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‘There’s So Many Leaders, The Team Looks After Itself’ – Ryan

‘There’s So Many Leaders, The Team Looks After Itself’ – Ryan

Ireland Under-20 captain Charlie Ryan takes a selfie in Santa Fe with fellow captains Fraser McReight (Australia), Davide Ruggeri (Italy), Tevita Ikanivere (Fiji) and Fraser Dingwall (England) ©Franco Perego/World Rugby

After stepping up as captain against France and Wales in the final rounds of the Under-20 Six Nations, towering lock Charlie Ryan is ready to lead the Ireland U-20s again for their eagerly-awaited World Rugby U-20 Championship campaign in Argentina.

With original captain David Hawkshaw and fellow vice-captain Craig Casey missing the Grand Slam decider in Wales through injury, Ryan happily filled in as skipper for the 26-17 triumph in Colwyn Bay – but he has downplayed his captaincy role for the World U-20 Championship given the shared influence of the squad’s leadership group.

“To be honest, with this group I’ve learned I really don’t have to do too much as a captain. The lads lead themselves,” he said, speaking at last month’s squad announcement at the Dublin offices of team sponsors PwC. “There are so many leaders in the team like Craig and Dylan (Tierney-Martin), the team looks after itself on that front.

“All I’ve learned is really not to do too much as captain, just let the lads do what they do and not interfere too much in that. That’s what I’ve been doing. It’s worked up until now, thankfully, and we’ll look to make it work in the tournament in Argentina.”

While disappointed to see the injured Hawkshaw, Harry Byrne, Scott Penny, Conor Phillips, Brian Deeny and Martin Moloney miss the Championship, Ryan admitted: “We’re focusing on our ‘controllables’ and that’s all we’ll focus our energy on for the duration of the tournament. It’s a huge loss. I’d love the lads to come, but it’s out of our control so we’re not wasting energy focusing on it.”

Two-and-a-half months on from lifting the Six Nations trophy, their Grand Slam success has been firmly left in the background by Ryan and his team-mates. Back now into tournament mode and despite a four-day turnaround to the second round, Ireland’s sole focus for the past few weeks has been on England whom they face today in Santa Fe (kick-off 3.30pm local time/7.30pm Irish time – live on eir Sport 1/www.world.rugby/u20 (in certain regions)).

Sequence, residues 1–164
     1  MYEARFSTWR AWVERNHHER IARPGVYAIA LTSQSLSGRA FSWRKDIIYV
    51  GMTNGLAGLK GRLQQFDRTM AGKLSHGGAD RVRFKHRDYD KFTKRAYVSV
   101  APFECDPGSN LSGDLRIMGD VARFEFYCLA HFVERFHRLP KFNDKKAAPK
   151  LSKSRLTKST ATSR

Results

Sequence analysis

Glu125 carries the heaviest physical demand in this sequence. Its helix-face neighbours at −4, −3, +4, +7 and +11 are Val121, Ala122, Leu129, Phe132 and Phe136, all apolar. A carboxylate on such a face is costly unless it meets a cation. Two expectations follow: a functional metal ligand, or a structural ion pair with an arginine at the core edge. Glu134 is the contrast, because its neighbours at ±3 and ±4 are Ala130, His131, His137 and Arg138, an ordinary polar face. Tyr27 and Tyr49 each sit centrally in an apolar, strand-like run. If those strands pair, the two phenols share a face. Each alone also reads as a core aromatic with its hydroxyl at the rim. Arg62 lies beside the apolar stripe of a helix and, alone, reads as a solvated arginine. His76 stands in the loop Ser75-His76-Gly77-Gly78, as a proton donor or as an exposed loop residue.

Reflecting on coming back into camp, UCD and Leinster Academy forward Ryan explained: “Not just the success, but everyone’s really good mates with each other, so it’s great to see each other again. We’re all really looking forward to having a really successful World Cup, that’s all we’re focused on. The Six Nations is completely parked.

“We’ve taken confidence from it, yeah, but we completely parked it weeks ago. All our camps, everyone’s just been talking about our first game (against England). There’s been no talk about the Grand Slam, that’s in the back of peoples’ heads now. We’re not wasting time thinking about it.

“We’re just really looking forward to the first game against England. We’re not even looking towards Australia. It’s really important in these tournaments, there’s going to be five games regardless. You can’t find yourself looking too far ahead or else you’ll get caught out. We’re just focusing on the first game.”

Having been hosted in Europe for the last four years, the World U-20 Championship moves back to the southern Hemisphere with the upcoming games staged in Santa Fe and Rosario. It will be a different experience for virtually all of the Irish squad and, as head coach Noel McNamara pointed out, something they may not get a chance to sample again in their rugby careers.

Drawing on his own experience of being involved in last summer’s tournament in France, Ryan commented: “You spend a lot of time just socialising, to be honest. You can only spend so much time watching video, learning detail and training. It’s really important to get on with the lads so that camp is a nice place, the atmosphere is good and training can be affected as a result of that as well.

“A lot of time is just spent chatting to each other, playing games, board games or walking out around the town. Just socialising and learning about each other. A real strength of this group is our cohesiveness and our relationship with each other. The atmosphere in camp is really good and that obviously helps on-pitch performance.

“It’s really important for the World Cup. Because we spend so much time in close quarters with each other, it’s really important we all get on well in that atmosphere. That will all help our on-field performance.”

Expectation levels have undoubtedly risen on the back of Ireland’s clean sweep of U-20 Six Nations wins, and it will be fascinating to see if they can repeat their 35-27 victory over England from that unforgettable February night in Cork. Ryan says they will stick with a tried-and-trusted approach which has served them well so far in 2019.

“The way other teams are going to approach us, we’re going to obviously do the prep we need to do on other teams. But our main focus is ourselves. Not much is going to change. We’re going to focus on our game and make sure we get our game right. We’re confident that will get us on the right side of results.”